If you are having a less-than-productive day at the office, the chances are procrastination is the culprit. The quicker the deadline looms towards us, the more tempting it is to distract yourself with smaller, less important tasks or, worse, fall into a social media hole. To help you put procrastination in the past, we’ve come up with five productivity hacks.
Separate your day into segments
One of the simplest ways to increase productivity is to break down your day into segments and create a series of mini-deadlines. Breaking down an 8-hour task into 30-minute segments is an easy way to increase your focus on a particular task, leaving no time to dawdle. Organise your day into manageable chunks and dedicate a task for each one, with a five-minute break between each task.
It’s more tempting to procrastinate if you’re surrounded by distractions. For some people, this could be having too many tabs open at
once, leaving your phone on the top of your workstation so you can see notifications as they pop up or even checking your emails every few minutes. At the beginning of your working day, make it a priority to remove
all of these distractions and start with a clear workspace. Turn off email notifications, leave your phone in your pocket or desk drawer, close any unnecessary tabs and move any distracting items like office accessories or toys from your desk into your draw.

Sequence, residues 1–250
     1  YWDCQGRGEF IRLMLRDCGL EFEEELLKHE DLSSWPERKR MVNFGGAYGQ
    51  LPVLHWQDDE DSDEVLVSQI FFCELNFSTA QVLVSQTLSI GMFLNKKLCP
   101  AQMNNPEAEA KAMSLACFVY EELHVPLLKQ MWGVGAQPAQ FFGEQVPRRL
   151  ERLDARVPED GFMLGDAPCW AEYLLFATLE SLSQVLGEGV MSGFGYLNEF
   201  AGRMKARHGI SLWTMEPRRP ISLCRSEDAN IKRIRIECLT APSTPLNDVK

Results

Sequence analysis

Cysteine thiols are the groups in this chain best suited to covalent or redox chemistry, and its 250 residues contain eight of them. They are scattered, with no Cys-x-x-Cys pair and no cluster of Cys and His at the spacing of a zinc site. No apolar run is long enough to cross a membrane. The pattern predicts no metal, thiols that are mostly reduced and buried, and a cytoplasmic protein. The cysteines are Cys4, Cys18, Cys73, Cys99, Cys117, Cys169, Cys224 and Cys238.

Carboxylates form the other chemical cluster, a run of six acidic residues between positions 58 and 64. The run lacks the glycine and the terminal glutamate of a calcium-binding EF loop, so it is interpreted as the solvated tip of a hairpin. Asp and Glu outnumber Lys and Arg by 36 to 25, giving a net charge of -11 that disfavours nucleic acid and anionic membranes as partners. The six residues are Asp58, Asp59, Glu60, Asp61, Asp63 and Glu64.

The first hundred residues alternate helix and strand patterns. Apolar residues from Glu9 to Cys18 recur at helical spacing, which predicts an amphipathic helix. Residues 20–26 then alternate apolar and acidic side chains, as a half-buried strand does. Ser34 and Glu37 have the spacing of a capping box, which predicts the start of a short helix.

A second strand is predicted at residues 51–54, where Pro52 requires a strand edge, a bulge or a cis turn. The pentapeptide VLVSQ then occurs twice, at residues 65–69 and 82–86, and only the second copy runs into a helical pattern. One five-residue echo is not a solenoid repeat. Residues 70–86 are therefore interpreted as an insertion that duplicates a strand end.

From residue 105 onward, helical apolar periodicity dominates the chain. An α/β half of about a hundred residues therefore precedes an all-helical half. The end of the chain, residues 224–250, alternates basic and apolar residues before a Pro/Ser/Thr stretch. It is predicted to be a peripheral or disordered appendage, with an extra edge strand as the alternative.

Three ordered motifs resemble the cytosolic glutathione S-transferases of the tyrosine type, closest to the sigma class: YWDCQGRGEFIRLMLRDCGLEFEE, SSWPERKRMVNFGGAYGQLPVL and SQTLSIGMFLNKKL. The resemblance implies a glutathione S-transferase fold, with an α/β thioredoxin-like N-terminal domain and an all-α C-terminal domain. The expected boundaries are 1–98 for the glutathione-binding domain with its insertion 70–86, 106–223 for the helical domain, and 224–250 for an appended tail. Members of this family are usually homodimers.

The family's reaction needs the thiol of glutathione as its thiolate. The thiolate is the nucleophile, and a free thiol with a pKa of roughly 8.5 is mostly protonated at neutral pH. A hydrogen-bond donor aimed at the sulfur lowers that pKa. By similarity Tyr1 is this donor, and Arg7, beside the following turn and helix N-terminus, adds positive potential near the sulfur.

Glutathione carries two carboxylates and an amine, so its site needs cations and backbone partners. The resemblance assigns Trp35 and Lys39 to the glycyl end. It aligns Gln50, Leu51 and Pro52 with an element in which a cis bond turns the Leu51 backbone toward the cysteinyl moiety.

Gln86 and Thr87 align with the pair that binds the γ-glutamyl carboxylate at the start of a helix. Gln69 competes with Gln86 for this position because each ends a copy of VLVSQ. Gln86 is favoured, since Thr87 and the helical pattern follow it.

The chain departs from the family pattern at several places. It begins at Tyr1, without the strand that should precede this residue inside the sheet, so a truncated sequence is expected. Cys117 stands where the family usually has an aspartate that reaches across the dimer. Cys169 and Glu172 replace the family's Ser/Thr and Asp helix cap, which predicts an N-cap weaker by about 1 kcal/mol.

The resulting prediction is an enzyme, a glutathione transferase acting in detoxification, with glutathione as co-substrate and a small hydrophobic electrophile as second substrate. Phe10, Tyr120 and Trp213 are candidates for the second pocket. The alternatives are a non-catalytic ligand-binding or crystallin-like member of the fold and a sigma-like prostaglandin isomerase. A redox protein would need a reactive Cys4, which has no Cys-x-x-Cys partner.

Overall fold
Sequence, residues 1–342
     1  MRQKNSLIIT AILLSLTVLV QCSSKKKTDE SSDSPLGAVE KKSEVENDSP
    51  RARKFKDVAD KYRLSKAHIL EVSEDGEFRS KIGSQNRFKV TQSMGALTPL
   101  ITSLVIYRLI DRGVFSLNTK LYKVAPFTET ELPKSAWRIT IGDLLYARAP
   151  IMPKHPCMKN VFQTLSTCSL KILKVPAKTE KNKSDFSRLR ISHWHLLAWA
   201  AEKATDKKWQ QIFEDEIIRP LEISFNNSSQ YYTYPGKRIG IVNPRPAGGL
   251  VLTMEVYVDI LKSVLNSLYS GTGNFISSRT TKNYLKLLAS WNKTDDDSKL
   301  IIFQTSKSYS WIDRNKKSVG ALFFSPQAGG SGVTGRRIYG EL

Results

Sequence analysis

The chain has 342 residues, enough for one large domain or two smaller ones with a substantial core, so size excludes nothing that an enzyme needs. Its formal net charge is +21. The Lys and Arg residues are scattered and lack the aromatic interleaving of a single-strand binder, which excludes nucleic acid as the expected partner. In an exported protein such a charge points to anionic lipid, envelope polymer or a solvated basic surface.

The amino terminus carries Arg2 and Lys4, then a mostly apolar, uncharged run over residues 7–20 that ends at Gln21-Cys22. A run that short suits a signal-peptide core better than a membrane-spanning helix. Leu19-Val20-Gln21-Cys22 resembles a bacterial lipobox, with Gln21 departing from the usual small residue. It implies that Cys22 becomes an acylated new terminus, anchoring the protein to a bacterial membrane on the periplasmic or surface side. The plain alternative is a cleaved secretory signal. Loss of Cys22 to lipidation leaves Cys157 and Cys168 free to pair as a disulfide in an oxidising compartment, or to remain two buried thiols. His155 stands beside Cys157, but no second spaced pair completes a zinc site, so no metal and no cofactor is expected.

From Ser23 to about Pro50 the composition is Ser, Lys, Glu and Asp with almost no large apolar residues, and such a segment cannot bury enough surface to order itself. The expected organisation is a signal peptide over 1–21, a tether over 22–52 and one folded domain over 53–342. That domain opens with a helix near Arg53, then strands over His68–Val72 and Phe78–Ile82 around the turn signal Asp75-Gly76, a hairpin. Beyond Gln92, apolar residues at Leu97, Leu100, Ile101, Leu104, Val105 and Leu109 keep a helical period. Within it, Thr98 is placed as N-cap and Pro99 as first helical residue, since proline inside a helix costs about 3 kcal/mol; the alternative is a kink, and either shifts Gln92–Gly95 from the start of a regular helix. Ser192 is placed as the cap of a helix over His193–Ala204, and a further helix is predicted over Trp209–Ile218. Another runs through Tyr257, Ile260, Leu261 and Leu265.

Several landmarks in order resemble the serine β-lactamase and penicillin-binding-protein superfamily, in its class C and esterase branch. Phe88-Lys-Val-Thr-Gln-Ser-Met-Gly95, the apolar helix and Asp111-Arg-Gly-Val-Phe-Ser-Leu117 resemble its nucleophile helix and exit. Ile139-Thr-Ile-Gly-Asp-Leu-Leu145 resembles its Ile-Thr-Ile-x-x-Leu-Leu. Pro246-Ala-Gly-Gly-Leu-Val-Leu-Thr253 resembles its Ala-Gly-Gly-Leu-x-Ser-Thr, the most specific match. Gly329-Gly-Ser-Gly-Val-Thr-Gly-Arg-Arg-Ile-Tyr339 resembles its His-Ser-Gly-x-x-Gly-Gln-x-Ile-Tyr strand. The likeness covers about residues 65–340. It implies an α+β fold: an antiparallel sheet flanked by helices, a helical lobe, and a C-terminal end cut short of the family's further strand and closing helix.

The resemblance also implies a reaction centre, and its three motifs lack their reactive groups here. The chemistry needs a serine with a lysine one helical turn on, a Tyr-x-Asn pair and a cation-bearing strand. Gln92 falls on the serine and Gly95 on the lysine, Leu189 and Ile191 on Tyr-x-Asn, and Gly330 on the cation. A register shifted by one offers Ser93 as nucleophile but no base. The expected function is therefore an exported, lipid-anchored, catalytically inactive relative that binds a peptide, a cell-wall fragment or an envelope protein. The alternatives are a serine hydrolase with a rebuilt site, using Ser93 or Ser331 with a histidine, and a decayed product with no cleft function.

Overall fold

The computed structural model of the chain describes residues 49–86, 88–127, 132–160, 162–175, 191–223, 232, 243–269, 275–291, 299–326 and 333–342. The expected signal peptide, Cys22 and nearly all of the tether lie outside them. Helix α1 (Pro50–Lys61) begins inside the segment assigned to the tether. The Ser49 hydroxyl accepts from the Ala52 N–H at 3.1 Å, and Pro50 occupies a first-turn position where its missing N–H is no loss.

Leave the office at lunch
A common misconception is that spending more time in front of the computer leads to a higher output, but this is not the case. Sitting at your desk for hours on end is a recipe for disaster when it comes to productivity. The importance of taking a break cannot be underestimated and a change of scenery can actually give you an energy boost and taking time out allows you to relax, recharge and re-define your goals.
Reward yourself regularly
A bribe or two comes in very handy when you have a day of deadlines to complete. One way to keep your motivation levels high and stop yourself from drifting off mid-flow is to give yourself regular rewards. This way, you’re more inclined to be engaged with your work. It’s up to you what these mini-rewards are. It could be anything from a five minute social media break, a new pair of shoes or a fancy lunch. The important factor is that each time you complete a task you get a feel-good factor that focuses you on goal-oriented tasks.
Prioritise, prioritise, prioritise
It’s tempting to begin your day by crossing off all of the small, simple tasks on the to-do list, but it’s more effective to start your day with the most challenging task. The industry term for this is eating the frog, which means starting with the task you’re least looking forward to. This way, you’ll spend less time procrastinating and more time getting stuff done.
Are you a chronic procrastinator? How do you stay productive? Let us know on Twitter @viking_chat.